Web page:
Follow their bicycle tour by connecting on Instagram, Facebook, Twitter, Pinterest or YouTube.


  1. Nice post ♥. Thanks you. Happy Valentine Day & Happy Mahashivratri to you & your family.

    • Glad you enjoyed it Navya. Happy valentines day to your family too!

  2. Yes, true it is a great bike touring destination!
    I loved it when I was there…
    Cheers from the road, Heike

    • So glad you had a fabulous time touring Japan by bike too Heike! Hope you’re having an amazing adventure where-ever the road has now taken you 🙂

  3. I’d love to join a bike tour on some of my next getaways. But first, have to practice at home. hehe nice post! <3

    • I was super impressed, I watched a documentary of this guy in London, who biked around Europe for a year, but hadn’t ridden much before hand, and got his bike the day before his trip! Lol. Proves I guess that you don’t need much experience which is nice 🙂

  4. I would love to cycle around in Japan instead of taking those super fast trains between cities. Then I would get to see the small communites and hopefully a slower pace of life. 😀 But it has been on my list for a while since I read about my friend cycling from Japan to London via SE Asia, around Australia and then back to Asia via Turkey and Europe. Crazy man! Loved reading his experiences of cycling through Japan and sleeping in bus shelters in the winter months!

    • Definitely gives you a unique opportunity to immerse yourself in the countryside and culture of Japan at a much slower pace. Oh wow, cycling to Japan from London sounds like quite the journey – what an epic trip!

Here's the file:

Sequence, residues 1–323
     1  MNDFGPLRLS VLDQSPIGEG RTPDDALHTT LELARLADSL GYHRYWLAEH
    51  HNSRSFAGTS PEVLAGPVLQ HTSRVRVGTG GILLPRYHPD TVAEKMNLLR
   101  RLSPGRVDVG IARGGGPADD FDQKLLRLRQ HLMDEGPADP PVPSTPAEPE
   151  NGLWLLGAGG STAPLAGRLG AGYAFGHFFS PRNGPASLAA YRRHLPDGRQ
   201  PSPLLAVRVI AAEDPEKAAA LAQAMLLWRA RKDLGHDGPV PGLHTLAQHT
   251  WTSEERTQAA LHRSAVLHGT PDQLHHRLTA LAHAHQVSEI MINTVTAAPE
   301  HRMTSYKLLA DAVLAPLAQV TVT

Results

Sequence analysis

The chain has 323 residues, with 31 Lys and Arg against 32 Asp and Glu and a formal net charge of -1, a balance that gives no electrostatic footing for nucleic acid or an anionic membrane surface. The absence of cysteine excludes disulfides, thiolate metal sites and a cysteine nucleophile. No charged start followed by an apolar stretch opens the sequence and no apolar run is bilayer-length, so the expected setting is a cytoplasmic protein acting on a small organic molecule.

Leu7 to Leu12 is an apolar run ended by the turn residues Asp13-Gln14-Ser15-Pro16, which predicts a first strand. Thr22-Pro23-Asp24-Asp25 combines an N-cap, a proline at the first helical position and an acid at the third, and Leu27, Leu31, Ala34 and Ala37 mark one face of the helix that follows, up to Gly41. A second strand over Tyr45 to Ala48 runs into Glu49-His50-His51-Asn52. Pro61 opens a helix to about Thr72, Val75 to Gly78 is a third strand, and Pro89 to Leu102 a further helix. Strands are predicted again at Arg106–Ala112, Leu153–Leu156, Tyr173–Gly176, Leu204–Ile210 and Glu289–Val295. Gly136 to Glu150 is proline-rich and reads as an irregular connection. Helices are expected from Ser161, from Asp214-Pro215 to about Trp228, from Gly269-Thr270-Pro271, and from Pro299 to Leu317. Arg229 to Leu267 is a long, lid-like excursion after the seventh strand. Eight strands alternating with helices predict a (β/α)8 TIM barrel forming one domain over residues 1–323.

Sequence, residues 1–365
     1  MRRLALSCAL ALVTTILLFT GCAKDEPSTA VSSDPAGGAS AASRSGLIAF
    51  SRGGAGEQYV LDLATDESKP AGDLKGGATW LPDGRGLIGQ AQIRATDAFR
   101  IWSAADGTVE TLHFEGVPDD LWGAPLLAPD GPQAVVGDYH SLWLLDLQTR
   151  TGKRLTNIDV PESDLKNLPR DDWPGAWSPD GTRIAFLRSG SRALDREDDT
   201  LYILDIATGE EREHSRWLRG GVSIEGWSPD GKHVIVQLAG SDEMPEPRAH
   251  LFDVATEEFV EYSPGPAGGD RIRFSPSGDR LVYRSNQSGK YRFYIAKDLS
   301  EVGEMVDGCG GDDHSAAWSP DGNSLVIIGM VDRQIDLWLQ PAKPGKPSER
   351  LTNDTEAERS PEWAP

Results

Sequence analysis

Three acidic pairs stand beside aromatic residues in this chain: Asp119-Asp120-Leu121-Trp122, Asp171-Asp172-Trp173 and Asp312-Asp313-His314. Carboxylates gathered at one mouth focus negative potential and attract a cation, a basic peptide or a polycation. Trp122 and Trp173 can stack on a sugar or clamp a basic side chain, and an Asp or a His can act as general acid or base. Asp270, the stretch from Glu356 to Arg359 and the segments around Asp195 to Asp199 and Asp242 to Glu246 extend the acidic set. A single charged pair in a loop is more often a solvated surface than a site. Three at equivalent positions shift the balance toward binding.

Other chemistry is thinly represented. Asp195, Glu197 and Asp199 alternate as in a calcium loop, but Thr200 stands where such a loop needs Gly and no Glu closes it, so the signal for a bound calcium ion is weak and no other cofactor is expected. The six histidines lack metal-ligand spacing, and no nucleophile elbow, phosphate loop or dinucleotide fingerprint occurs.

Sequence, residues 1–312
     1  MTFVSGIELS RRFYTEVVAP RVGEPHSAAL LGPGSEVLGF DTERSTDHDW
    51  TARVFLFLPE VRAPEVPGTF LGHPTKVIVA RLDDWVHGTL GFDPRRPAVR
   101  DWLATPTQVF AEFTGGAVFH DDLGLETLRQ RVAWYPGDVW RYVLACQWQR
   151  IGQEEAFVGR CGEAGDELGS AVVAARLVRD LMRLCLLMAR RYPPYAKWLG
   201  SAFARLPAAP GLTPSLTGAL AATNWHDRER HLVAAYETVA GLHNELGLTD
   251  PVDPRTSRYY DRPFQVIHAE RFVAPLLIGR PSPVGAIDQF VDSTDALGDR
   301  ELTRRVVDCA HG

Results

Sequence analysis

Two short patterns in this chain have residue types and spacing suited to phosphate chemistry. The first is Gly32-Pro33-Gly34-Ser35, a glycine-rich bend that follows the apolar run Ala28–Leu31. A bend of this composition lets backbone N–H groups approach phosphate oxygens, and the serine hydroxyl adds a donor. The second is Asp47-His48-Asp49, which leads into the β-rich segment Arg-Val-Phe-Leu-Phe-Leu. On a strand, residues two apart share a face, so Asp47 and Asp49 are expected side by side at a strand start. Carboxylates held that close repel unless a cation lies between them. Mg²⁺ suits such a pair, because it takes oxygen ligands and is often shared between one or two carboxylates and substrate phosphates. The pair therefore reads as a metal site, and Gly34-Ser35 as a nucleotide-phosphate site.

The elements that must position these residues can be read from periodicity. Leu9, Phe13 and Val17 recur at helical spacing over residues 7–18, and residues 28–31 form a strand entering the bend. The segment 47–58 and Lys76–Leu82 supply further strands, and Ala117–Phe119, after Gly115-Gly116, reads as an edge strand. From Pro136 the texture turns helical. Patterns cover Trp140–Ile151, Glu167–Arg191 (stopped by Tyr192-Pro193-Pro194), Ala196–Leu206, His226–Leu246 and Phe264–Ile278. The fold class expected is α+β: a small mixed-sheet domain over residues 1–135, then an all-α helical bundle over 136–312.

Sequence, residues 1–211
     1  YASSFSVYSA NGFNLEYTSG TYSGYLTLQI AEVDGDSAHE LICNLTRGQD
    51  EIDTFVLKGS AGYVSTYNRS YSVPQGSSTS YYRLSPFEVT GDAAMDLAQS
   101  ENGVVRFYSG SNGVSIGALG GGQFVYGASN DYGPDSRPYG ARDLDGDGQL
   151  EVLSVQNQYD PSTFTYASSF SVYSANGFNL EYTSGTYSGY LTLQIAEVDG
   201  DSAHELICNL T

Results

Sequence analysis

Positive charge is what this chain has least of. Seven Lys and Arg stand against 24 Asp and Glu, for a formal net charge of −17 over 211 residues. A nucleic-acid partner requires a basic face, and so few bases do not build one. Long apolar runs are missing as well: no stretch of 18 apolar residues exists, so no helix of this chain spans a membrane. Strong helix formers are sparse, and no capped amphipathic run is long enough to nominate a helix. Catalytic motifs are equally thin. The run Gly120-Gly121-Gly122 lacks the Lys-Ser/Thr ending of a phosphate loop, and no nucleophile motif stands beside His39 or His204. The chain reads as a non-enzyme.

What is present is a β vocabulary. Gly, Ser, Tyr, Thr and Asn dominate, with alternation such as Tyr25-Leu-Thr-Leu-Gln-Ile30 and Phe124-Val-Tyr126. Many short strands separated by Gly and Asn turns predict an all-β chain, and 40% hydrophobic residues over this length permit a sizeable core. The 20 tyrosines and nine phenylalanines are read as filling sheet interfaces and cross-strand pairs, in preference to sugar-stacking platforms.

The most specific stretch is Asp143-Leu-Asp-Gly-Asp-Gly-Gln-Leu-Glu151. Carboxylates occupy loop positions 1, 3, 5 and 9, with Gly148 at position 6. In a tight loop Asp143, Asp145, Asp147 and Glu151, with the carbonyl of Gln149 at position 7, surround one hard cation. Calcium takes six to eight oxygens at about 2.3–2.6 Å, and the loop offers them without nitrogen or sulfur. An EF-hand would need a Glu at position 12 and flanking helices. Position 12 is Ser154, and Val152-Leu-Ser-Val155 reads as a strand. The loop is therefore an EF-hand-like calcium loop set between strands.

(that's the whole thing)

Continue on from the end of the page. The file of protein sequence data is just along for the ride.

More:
I hope you have the opportunity to bike Japan too 🙂

  5. I want to first give you credit for biking for a whole 3 months. I am not sure I could handle a bike seat even for 7-10 days. I was glad to hear that Japan is bike friendly with good bike infrastructure and a good attitude. Great if we want to rent for a day! I am sure that being on a bike let you visit so many interesting spots off the beaten path. That alone makes you much different than the usual tourist!

    • So glad you enjoyed the post Linda, yes, they definitely deserve kudos for their journey – quite inspirational!

      If a long distance bike tour doesn’t sound like something you want to do, cycling between attractions on a day to day basis is a great way to get the feel for it. And who knows, maybe you’ll find you love it :D!

  6. I loved Japan, but never thought before about seeing it by bike… until now. You make such a great point that Japan has so much to offer in terms of nature, and bicycles are ideal to explore those rural gems. I also adore the idea of making friends better due to the slower, more open nature of bikes!